"Shadowplay" by The Killers
It takes chutzpah to release a B-sides and rarities collection after putting out only two albums, especially when one of those albums can politely be called disappointing. But The Killers have never been short on chutzpah. Singer Brandon Flowers and the band traffic in the kind of over-the-top passion best put across by swelling synthesizers, ringing guitar, and heart-on-sleeve lyrics that only stop making sense if you think about them.
With last year's Sam's Town, the band attempted to hide what they do best beneath working-class flannel, so it makes sense that some of Sawdust's best moments are Sam's Town rejects that sound like they were discarded for sounding too much like Hot Fuss. "All The Pretty Faces," for one, sounds like the last hit single Fuss never produced, and on "Sweet Talk" and "Where The White Boys Dance," the band lets its love of synth-pop float to the top.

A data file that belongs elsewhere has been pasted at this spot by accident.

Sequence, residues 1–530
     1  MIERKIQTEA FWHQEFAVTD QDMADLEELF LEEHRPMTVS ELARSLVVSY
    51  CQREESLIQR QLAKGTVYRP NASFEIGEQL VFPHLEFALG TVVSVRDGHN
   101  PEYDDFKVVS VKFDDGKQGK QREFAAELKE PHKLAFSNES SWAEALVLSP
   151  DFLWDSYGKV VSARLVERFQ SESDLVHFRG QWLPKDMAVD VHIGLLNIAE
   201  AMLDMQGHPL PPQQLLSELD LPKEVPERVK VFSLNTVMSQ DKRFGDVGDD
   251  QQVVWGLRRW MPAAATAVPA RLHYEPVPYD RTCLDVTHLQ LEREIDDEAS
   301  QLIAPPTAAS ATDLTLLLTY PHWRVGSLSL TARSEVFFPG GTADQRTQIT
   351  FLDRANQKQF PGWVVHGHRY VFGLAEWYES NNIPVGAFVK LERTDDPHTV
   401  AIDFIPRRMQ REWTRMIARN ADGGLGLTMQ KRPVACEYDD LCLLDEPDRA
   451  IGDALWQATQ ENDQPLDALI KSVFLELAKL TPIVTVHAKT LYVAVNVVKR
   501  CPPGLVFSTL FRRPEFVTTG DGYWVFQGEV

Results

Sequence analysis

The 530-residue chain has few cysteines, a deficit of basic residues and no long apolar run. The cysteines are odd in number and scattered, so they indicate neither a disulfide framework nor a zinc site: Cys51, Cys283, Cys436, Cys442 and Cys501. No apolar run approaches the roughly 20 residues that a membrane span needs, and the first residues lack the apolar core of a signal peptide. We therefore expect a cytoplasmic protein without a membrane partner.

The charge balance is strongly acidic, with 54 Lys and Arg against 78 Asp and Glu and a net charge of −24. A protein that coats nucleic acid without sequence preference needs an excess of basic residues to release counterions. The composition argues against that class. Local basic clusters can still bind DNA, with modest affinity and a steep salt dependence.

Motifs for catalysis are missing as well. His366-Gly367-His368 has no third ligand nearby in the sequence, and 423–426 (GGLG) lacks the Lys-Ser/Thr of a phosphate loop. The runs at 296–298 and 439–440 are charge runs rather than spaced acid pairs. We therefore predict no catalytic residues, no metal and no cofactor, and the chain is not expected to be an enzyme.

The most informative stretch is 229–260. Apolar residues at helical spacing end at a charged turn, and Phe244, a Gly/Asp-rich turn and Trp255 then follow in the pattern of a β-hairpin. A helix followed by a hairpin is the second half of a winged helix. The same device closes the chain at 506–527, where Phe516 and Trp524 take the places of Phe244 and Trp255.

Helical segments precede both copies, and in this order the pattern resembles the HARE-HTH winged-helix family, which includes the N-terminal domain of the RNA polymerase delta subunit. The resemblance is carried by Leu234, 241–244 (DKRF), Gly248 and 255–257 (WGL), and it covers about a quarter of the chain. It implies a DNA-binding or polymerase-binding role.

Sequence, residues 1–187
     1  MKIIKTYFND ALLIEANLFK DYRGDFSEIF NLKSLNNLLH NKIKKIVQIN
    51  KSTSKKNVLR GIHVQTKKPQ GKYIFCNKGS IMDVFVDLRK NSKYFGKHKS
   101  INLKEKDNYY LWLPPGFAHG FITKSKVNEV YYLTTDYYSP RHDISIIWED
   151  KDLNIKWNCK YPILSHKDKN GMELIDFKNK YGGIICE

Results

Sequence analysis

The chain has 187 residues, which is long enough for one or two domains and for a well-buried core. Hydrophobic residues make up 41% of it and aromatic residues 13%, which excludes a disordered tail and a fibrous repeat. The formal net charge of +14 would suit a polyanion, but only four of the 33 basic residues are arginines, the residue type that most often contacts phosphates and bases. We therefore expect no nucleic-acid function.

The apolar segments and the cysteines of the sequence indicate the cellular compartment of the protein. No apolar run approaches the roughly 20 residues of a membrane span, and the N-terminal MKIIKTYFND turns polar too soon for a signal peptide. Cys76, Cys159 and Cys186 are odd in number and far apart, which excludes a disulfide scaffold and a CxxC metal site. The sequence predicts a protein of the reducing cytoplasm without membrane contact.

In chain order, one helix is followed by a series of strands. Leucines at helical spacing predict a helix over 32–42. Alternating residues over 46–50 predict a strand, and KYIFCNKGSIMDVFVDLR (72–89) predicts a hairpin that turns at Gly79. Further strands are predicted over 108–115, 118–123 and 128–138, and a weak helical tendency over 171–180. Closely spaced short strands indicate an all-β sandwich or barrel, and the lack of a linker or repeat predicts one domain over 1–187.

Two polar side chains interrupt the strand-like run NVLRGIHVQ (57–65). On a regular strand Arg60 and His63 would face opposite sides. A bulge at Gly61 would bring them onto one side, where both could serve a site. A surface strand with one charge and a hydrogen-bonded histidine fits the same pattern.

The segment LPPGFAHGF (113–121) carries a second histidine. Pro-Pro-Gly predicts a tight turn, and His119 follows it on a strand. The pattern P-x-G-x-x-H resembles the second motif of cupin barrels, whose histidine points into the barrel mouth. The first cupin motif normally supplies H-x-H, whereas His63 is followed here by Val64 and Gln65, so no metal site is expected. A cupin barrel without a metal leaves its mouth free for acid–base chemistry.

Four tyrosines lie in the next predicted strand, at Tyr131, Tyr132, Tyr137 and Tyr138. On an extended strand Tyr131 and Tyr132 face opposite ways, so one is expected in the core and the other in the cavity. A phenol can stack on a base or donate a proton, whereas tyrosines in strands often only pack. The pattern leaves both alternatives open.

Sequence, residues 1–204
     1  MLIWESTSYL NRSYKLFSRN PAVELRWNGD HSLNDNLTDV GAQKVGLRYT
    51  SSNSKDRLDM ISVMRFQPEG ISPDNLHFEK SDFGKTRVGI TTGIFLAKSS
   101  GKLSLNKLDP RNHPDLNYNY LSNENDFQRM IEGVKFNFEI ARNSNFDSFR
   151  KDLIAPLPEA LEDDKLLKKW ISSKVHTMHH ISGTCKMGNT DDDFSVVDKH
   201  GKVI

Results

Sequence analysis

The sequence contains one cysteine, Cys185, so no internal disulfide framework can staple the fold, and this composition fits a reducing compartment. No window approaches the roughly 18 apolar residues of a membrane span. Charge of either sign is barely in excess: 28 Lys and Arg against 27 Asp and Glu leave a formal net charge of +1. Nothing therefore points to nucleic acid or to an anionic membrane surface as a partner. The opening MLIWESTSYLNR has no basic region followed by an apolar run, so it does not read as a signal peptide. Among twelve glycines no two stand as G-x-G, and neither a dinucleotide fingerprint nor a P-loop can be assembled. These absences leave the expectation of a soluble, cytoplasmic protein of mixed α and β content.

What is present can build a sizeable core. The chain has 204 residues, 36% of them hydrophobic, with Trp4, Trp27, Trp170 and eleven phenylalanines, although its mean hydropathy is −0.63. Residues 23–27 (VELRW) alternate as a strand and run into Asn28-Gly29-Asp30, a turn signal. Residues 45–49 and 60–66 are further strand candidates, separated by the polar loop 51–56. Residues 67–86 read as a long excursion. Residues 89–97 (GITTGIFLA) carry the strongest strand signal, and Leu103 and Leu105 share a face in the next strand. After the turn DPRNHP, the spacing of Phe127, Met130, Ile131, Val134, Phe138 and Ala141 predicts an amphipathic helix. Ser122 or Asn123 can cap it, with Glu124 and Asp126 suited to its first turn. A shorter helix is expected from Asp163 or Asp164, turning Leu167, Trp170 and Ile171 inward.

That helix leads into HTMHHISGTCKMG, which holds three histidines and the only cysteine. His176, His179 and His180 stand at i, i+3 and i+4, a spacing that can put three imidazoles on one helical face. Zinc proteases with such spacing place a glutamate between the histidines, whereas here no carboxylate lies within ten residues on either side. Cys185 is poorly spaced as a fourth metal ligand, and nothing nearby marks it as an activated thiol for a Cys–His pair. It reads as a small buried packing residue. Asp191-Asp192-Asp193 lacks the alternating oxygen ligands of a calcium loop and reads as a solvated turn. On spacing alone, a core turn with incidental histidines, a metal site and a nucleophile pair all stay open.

Though covers of Dire Straits' "Romeo And Juliet" and Joy Division's "Shadowplay" stick a little too close to their sources to develop any real personality (and it's best just to skip the country classic "Ruby, Don't Take Your Love To Town"), there's a neat bit of hero worship on the newly recorded "Tranquilize." The band coaxes the most engaged vocal out of guest star Lou Reed that anyone's heard in years. If they can break him out of his perpetual grumping, it gets easier to forget about a misstep here and there.